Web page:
Monday, March 27, 2017

It's Monday! What are you reading? - March 27, 2017

So my plan is, each Monday to update anyone who reads this on what I'm currently reading and what I may have finished in the last week.

Currently At Home Book:

Title: If Not for You (New Beginnings #3)
Author: Debbie Macomber
Date Started: March 26

Currently At Lunch Break Book:

Title: Tears We Cannot Stop: A Sermon to White America
Author: Michael Eric Dyson
Date Started: March 6

Finished Reading:

Title: NextWave, Agents of H.A.T.E.
Author: Warren Ellis
Date Finished: March 17
Stars: 3 Stars
Note: I read the 12 individual issues of the full run. I don't like tracking those as individual reads so I'm tracking them as 1 book.

Monday, March 20, 2017

It's Monday! What are you reading? March 20

So my plan is, each Monday to update anyone who reads this on what I'm currently reading and what I may have finished in the last week.

Currently At Home Book:

Title: NextWave (issues 1-12)
Author: Warren Ellis
Date Started: March 17

Currently At Work Book:

Title: Tears We Cannot Stop: A Sermon to White America
Author: Michael Eric Dyson
Date Started: March 6

Finished Reading:

Title: Built (Saints of Denver #1)
Author: Jay Crownover
Date Finished: March 7
Stars: 3 Stars

Title: The Tale of the Unknown Island
Author: Jose Saramago
Date Finished: March 9
Stars: 4 Stars

Title: Jane Austen
Author: Carol Shields
Date Finished: March 18
Stars: 4 Stars

Title: Eat This Poem
Author: Nicole Gulotta
Date Finished: March 19
Stars: 4 Stars
Comments: ARC received from NetGalley - Review

Weekend Cooking: Eat This Poem


Title: Eat This Poem
Author: Nicole Gulotta
Publication Date: March 21, 2017
Rating: 4 Stars

Synopsis: A literary cookbook celebrating food and poetry, two of life's essential ingredients.

In the same way that salt seasons ingredients to bring out their flavors, poetry seasons our lives; when celebrated together, our everyday moments and meals are richer and more meaningful. The twenty-five inspiring poems in this book from such poets as Marge Piercy, Louise Gluck, Mark Strand, Mary Oliver, Billy Collins, Jane Hirshfield are accompanied by seventy-five recipes that bring the richness of words to life in our kitchen, on our plate, and through our palate. Eat This Poem opens us up to fresh ways of accessing poetry and lends new meaning to the foods we cook.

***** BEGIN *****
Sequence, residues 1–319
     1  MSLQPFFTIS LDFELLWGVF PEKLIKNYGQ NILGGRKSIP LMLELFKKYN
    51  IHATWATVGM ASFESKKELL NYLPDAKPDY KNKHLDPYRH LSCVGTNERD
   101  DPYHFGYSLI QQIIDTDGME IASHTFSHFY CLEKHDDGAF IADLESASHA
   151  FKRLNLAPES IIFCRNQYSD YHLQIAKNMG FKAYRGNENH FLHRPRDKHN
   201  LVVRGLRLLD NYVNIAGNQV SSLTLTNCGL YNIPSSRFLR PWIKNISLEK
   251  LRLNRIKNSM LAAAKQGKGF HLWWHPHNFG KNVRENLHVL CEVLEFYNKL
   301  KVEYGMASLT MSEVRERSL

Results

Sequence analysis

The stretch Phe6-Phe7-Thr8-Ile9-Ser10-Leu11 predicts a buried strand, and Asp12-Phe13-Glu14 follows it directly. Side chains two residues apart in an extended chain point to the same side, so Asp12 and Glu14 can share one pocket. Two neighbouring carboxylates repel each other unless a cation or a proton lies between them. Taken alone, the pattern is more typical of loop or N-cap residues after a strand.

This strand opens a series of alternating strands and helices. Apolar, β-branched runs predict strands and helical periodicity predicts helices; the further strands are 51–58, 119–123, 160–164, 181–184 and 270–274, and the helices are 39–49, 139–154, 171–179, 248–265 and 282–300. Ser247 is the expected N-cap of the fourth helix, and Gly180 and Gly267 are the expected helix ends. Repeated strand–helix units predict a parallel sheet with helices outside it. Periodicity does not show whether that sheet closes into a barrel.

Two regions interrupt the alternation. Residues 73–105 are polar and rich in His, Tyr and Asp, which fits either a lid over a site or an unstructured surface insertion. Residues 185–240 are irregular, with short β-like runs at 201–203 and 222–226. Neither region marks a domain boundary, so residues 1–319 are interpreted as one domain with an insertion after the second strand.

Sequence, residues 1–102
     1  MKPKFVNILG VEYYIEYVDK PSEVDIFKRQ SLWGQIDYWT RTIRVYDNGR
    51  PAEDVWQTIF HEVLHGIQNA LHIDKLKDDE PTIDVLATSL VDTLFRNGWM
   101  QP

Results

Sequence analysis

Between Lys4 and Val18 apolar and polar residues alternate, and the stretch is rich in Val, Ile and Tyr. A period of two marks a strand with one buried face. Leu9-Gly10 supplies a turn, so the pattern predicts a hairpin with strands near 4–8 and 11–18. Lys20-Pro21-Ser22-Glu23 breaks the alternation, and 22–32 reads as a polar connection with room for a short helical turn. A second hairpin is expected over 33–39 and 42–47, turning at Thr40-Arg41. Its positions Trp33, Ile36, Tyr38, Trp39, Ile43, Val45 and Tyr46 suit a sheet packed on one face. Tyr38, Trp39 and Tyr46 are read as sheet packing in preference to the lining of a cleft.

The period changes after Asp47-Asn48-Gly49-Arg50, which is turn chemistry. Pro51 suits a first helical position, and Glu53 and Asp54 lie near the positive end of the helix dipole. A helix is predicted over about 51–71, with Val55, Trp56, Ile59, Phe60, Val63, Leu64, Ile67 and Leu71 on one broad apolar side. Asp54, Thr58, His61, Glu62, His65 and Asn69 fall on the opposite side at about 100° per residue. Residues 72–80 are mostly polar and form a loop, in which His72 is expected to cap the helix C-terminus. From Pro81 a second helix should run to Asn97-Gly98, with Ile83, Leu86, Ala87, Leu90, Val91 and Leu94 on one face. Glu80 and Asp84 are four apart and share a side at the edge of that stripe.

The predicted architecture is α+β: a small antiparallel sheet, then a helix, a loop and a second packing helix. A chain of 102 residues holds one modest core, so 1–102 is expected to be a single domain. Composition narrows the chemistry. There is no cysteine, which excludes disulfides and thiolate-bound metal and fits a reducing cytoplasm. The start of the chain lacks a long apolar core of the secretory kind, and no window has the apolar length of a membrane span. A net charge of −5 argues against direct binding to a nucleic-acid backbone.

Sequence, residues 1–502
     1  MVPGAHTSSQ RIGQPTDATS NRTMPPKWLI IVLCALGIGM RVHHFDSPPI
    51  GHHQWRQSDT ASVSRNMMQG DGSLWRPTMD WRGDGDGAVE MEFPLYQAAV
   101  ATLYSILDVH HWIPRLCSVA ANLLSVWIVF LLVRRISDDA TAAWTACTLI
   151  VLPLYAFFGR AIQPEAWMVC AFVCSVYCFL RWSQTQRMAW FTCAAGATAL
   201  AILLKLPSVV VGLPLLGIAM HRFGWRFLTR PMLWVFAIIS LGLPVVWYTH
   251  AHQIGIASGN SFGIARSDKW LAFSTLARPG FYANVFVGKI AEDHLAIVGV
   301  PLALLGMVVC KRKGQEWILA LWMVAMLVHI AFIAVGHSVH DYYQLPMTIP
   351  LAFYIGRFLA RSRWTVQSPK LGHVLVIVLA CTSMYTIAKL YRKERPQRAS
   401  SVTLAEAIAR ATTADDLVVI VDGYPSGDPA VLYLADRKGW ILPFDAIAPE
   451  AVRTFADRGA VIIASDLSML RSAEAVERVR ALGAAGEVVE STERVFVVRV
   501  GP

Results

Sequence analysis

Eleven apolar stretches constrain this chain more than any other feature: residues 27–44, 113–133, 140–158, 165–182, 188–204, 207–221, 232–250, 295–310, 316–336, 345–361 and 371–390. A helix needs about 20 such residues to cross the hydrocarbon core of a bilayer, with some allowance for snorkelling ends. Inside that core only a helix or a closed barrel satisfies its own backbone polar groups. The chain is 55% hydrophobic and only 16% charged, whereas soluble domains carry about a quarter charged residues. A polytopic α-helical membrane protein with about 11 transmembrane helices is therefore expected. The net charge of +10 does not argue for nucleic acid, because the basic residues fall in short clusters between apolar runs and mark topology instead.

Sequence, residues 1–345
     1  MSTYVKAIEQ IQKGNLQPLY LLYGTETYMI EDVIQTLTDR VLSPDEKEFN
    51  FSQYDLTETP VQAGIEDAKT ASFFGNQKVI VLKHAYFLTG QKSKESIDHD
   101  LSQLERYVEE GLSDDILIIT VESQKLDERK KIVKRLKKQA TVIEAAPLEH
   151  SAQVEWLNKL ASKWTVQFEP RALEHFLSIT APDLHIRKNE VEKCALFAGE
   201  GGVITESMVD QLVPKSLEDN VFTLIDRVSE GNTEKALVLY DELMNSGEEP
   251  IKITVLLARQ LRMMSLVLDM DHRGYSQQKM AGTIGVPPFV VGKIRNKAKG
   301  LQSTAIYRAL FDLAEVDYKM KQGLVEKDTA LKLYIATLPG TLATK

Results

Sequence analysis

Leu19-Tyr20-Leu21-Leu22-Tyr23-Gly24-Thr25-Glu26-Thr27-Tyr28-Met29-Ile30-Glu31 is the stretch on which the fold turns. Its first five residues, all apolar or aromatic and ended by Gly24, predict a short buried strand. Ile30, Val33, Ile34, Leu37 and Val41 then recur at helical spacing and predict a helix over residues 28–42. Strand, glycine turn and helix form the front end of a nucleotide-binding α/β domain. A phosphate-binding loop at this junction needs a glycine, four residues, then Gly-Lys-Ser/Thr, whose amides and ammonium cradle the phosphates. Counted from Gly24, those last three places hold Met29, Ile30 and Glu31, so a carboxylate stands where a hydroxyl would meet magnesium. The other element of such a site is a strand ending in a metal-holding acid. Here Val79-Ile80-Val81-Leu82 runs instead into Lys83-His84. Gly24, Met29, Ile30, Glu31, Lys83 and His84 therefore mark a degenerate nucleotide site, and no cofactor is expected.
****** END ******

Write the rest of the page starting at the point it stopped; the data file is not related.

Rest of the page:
Review: I love cookbooks and have a bad habit of collecting some of the interesting ones I come across. This one will be added to my collection (got a digital copy to review). My love of cooking is growing steadily to match my love of literature and poetry. This book combines poetry, analysis of the poems, stories from the author, and recipes.

Each section of this book has a few poems that connect with the recipes in that section. So a poem about blueberries is followed by a quick analysis from Nicole which then ties into the following recipes. Some of the recipes have stories to explain while Nicole included them in this collection.

In so many cases of the cookbooks I collect (many from celebrity chefs) I don't end up making any of the dishes because they are too 'fancy' for my style of cooking. This book has some of those, but also some easy and simple recipes that will easily find their way into my kitchen.  I'm a member of a CSA and a lot of what I get from the farm this summer will be used to cook from this cookbook. For the few recipes that call for canned items, I was happy to see that her recommended brands can be purchased at my small local grocery store.

If you love poetry and you love cooking, I think this book would make a good addition to your collection.

I received an ebook ARC from NetGalley. 

Friday, March 10, 2017

Peek Inside a Book: Irish Gold


When I was deciding to come back to the blog I was looking through all the blogging memes that the blogs I read follow. I had done Book Beginnings and The Friday 56 a handful of times, but over at Mixed Book Bag, JC merged them together and I really like that idea.  So borrowing from her I'm going to start linking up to both Book Beginnings on Friday from Rose City Reader and The Friday 56 with Freda's Voice.

My little twist to this; I work in a library IT department. We have two offices separated by a section of the fiction stacks.  Books are always catching my eye and I've gotten pretty good about ignoring them, other wise my TBR list would be HUGE.  But these weekly memes give them the chance to see if the book would be worth checking out.


Irish Gold (Nuala Anne McGrail, #1)This week the book is Irish Gold by Andrew M. Greeley :.

It Begins: 
"The Irish," I insisted to the black-haired young woman whose face might have belonged to a pre-Christian Celtic goddess, "are different. They look like some of the rest of us and they speak a language that's remotely like ours. Many of them even have the same names as we do. But they're different - almost like aliens from another planet."


On Page 56:
"What's her name?" Mom demanded happily.